You know the drill by heart:
1.) Build your marketing platform:
a.) Facebook your book (but now you will have to pay $50 a pop for it. Ouch!)
b.) Twitter your cyber-elbows past all those other authors hawking their books.
c.) Ever see the floor of the Stock Exchange -- all those screaming buyers and sellers?
d.) Blog yourself into an adoring following.
e.) (I would suggest talk more about others/less of yourself. And make them laugh.)
2.) Once the book is written, start crowd-sourcing.
a.) Get fans, friends, colleagues and others to copy-edit and/or review the book.
b.) Do this immediately before it goes on sale,
so that as soon as it goes on sale you have a bunch of great reviews for the book.
c.) Yeah, that won't look arranged or phony, will it?
d.) John Locke ruined that strategy for us.
3.) Lure in readers by putting your work on various sites.
a.) Sadly, many blog surfers go right past a post hawking yet one more book, screaming, "READ ME!"
b.) Surfers read mainly for amusement and being on the receiving end of a hard-sell is no fun.
4.) Get a HOOK of a title and a SIREN of a cover:
a.) That idea still is valid.
b.) I have picked many a book just on the pull of the title or the cover alone.
5.) THE PRICE IS RIGHT ... or is it?
a.) John Locke's shabbiness got Amazon to ruin the 99 cent price allure for us.
b.) People judge quality by its cost.
c.) cheap translates into lesser quality vies with what readers will feel free to gamble on an unknown.
d.) I would suggest $2.99 or $3.99
e.) I price at $1.99 sometimes since I have many books and this will encourage new readers that if they like their first book, they will be able to reasonably afford to sample a few more of mine.
WHAT NO ONE WILL TELL YOU:
WRITE A GREAT BOOK!
A.) Easy to say but hard to do, right?
B.) How often have you heard friends say, "I usually don't read ______ genre, but all my friends were raving about this book so I took a chance."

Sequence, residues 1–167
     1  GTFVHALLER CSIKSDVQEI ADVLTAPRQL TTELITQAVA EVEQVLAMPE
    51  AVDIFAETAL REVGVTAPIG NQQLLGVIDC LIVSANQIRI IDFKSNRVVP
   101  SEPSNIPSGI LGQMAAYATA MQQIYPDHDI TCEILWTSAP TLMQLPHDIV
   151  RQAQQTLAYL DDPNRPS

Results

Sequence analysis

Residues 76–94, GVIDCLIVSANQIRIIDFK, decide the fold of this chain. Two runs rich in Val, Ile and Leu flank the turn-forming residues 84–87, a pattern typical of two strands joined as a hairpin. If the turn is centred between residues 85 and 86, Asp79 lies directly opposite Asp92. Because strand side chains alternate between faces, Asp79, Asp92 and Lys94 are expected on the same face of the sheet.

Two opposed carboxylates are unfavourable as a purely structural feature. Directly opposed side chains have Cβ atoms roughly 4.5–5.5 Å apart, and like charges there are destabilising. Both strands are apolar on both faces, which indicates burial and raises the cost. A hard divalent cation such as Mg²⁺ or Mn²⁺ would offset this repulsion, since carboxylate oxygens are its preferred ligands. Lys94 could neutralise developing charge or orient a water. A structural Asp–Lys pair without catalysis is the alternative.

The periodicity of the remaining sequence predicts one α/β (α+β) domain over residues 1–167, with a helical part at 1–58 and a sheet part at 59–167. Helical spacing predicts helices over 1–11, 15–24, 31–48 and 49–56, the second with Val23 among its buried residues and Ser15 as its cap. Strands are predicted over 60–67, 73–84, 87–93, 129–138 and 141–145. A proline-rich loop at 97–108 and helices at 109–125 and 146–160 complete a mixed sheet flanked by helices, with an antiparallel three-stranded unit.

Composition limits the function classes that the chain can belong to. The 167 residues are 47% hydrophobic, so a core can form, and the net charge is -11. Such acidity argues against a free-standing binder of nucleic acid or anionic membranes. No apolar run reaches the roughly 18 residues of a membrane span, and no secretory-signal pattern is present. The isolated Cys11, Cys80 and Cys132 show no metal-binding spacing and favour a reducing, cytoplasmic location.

C.) APPEAL TO THE HEART
1.) Think of a crisis that tugs at the heart:
a.) Dying mother struggles through a war-torn country-side to find medicine for her ill child before she dies.
b.) Rape victim, deciding out of her faith to keep the child growing within her, slowly begins to realize in horror that her unborn is not human.
2.) To tug at the heart you have to have a riveting crisis coupled with a heroine or hero that you find yourself rooting for after the first paragraph. (Yes, that's how little time you have to snag a reader.)
D.) PACE LIKE A PRO
1.) How many times have you heard a good joke told badly?
2.) Think BREATHING
a.) Three parts BUILD-UP
b.) to one part PAY-OFF
E.) USE WORDS LIKE A SON OF A BITCH
1.) Caught you off guard, didn't I?
2.) You must use POWER WORDS to propel your prose forward
3.) Power words are your outboard engine to your craft.
4.) The remaining words are your rudder to fine tune the direction of your narrative.
5.) Power words are the spice. The majority of your prose is the meat and potatoes.
F.) MAKE THEM LAUGH
1.) Dialogue that seems real is essential -- read the masters to see how they did it.
2.) Laughter will keep your reader turning the pages as much as suspense will.
3.) Suspense will get the reader to read your book one time. Laughter will get your reader to come back to enjoy the ride again.
1.) Friends are the only real treasure we have in this world, and they are the only wealth we can hope to find in the next.
2.) Love is important, too, in your novels.
3.) But the best lovers become the deepest friends -- so friendship is the bedrock of your novel.
4.) Think the best movies you've seen, and it will have friendship as one of its biggest building blocks.